This Day In Astro History


 

July 20

2009 - Scientists found evidence of another object bombarding Jupiter, exactly 15 years after the first impacts by the comet Shoemaker-Levy 9. Following up on a tip by an amateur astronomer, Anthony Wesley of Australia, that a new dark "scar" had suddenly appeared on Jupiter, in the morning between 3 and 9 a.m. PDT (6 a.m. and noon EDT) scientists at NASA's Jet Propulsion Laboratory in Pasadena, Calif., using NASA's Infrared Telescope Facility at the summit of Mauna Kea, Hawaii, gathered evidence indicating an impact.

Restored Liberty Bell 1999 - Recovery of Liberty Bell 7 (Mercury 4, pilot Gus Grissom).  A team led by Curt Newport and financed by the Discovery Channel, Oceaneering International, Inc. lifted the Liberty Bell 7 spacecraft off the floor of the Atlantic ocean and onto the deck of a recovery ship. The spacecraft was found after a 14-year effort and today is a part of the permanent exhibit at The Kansas Cosmosphere and Space Center.

1976 - Viking 1 lands on Mars and the first images taken from that planet's surface are returned.

1969 - First humans on the Moon. Neil Armstrong and Buzz Aldrin, Apollo 11. Neil Armstrong piloted the Eagle lander to a soft landing at 4:18 pm EDT at Tranquility Base. Armstrong reported "The Eagle Has Landed." And at 10:56 p.m., Armstrong, descending from Eagle's ladder and touching one foot to the Moon's surface, announced:Karsh Portrait of Apollo 11 Crew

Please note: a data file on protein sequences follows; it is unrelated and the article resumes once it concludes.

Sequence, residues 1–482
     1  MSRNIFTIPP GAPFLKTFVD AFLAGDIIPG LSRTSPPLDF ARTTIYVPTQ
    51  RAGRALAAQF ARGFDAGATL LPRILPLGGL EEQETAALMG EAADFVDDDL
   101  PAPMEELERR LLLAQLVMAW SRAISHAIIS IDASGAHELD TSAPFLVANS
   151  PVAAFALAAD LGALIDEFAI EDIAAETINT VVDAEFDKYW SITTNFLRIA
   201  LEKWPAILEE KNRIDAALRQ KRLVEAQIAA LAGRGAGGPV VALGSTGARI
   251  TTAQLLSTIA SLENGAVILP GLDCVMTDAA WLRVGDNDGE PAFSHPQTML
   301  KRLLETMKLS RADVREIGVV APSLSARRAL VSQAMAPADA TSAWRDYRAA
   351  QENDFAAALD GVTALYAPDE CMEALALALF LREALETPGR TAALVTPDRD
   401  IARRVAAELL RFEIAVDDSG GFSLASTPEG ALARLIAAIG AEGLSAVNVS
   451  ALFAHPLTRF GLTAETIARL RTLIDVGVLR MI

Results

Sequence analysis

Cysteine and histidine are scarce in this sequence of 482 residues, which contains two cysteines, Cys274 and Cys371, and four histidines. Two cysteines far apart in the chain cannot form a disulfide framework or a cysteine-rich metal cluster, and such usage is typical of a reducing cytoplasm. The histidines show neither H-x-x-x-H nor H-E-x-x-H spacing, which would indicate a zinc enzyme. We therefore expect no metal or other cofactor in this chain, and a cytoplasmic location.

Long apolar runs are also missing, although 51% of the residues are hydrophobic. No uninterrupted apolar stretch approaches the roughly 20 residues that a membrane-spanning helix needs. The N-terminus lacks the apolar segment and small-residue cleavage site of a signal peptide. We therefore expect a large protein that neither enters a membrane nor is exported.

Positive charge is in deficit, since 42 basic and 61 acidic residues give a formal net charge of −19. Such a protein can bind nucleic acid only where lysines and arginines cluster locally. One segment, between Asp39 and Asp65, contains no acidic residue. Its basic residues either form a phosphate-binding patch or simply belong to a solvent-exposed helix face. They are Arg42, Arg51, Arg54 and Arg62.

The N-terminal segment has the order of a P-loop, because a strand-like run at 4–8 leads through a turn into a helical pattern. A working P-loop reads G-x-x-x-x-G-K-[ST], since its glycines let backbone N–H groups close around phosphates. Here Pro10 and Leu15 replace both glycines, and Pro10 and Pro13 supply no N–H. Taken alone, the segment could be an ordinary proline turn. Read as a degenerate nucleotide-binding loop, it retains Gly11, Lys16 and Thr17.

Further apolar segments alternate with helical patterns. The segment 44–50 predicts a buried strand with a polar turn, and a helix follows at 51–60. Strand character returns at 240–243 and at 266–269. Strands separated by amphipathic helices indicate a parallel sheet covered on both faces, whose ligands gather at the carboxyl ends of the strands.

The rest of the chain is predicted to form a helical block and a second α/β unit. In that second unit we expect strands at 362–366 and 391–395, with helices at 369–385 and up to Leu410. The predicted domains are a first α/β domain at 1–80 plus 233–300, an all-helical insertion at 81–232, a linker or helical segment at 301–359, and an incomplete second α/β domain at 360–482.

"That's one small step for a man, one giant leap for mankind." The event was the outcome of a decade of dedicated team work for the thousands of Americans involved with NASA. Arguably this event was and is still, the most exciting adventure in human history. "A small step for man. A giant leap for mankind."  See Heroic Stories or "The First Lunar Landing, as told by the Astronauts."

2009 Jupiter Impacts
Credit: NASA/JPL/Infrared Telescope Facility

View of Mars from Viking lander
View of Mars from Viking 1

man on moon
Neil Armstrong
First Human on the Moon
first footstep on Moon
Neil Armstrong's 
footprint on the Moon
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It is my conclusion that human evolution and the motions of matter in space are intrinsically linked. The observation and understanding of the complexity of biological history on Earth cannot be complete without the tandem observation and understanding of a dynamic greater cosmos. - SpaceGene